Monthly Archives: February 2011

Quicksilver: Baroque Cycle Book 1, Neal Stephenson (HarpurCollins Publisher 2003: {Brilliance Audio, 2010; Narrator: Simon Prebble}

What do you get when you combine Oliver Cromwell, Blackbeard the Pirate and Sir Isaac Newton? A very good novel by Neal Stephenson. Quicksilver is the first of a trilogy that is highly enjoyable, though like other of Stephenson’s works, it does sometimes read like an enormous info-dump. I can’t say this book is for everyone, but for that growing number of speculative fiction fans who want to think deeply about their reading, I highly recommend this book.
Continue reading

Advertisements
Posted in Alternate History, Political Drama, Post Modern, Series, Strong Characters, Thoughtful, Unique or Imaginative World | Tagged , , , , , , , | 2 Comments

The Shadow of the Wind, Carlos Ruiz Zafón [Translation: Lucia Graves] (Orion Books, 2004)

Part mystery, part romance, part literary fiction The Shadow of the Wind is thrilling, gripping and touching in a way that I can only dream of writing. The language used is delicate, precise and flowing (both in the original Spanish and in it’s marvelous English translation). In brief, it is the tale of a boy who is entrusted with the guardianship of the last copy of a book, and how he unravels the mystery surrounding it and its enigmatic author. It is a complex story, but an easy read. I highly recommend that you buy the book and become enchanted.
Continue reading

Posted in Crime Thriller, Espionage, Mystery, Ripping Yarn, Romance, Spy Thriller, Strong Characters, Unique or Imaginative World | Tagged , , , , , , , | 2 Comments

Terminal World, Alistair Reynolds (ACE Books {US}/Gollance{UK};2010)

Terminal World is an enjoyable action novel that combines elements of Science Fiction with Steampunk to come up with an interesting new world. It takes place in a world dominated by “zones” that physically limit the degree of technology that works in the region. Central to these zones is the city of Spearpoint, a spire rising from a flat plain to heights beyond the atmosphere. At the base of this pinnacle only preindustrial technology works, but as one ascends so does the level of technology until one at last reaches the ultratech level of the post-human Angels. When a pathologist named Quillion receives a message from an angel dying of zone sickness, it forces the doctor to leave the city and enter the wild lands of mixed tech zones beyond. Continue reading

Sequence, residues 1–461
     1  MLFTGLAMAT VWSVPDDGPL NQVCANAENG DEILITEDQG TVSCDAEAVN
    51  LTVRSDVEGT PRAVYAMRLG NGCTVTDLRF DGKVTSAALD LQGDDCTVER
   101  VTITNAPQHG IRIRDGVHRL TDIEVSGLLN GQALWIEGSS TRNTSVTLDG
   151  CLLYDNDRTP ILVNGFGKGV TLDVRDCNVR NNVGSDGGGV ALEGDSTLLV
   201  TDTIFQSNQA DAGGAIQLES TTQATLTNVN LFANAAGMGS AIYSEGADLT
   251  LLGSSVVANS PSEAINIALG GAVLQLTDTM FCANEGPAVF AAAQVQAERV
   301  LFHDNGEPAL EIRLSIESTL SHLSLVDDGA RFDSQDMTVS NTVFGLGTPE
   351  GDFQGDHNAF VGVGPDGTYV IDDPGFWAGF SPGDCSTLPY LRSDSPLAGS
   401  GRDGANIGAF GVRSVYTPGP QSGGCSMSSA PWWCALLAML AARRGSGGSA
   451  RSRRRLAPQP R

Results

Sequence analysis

Posted in Cyberpunk, Post Modern, Ripping Yarn, Science Fiction, Steampunk, Ultratech, Unique or Imaginative World | Tagged , , , , | 1 Comment

Pirate Latitudes, Michael Crichton (Harpur; 2010).

Pirate Latitudes is a swashbuckling adventure from a master of Ripping Yarns, that does not quite fulfill its potential, nor the genral quality of Crichton’s usual writing. Indeed, reading the teaser excerpt from The Great Train Robbery in the back of the book, one cannot help but contrast the two novels and feel Pirate Latitudes comes up somewhat wanting. Continue reading

Posted in Alternate History, Ripping Yarn | Tagged , , , , , , , | 4 Comments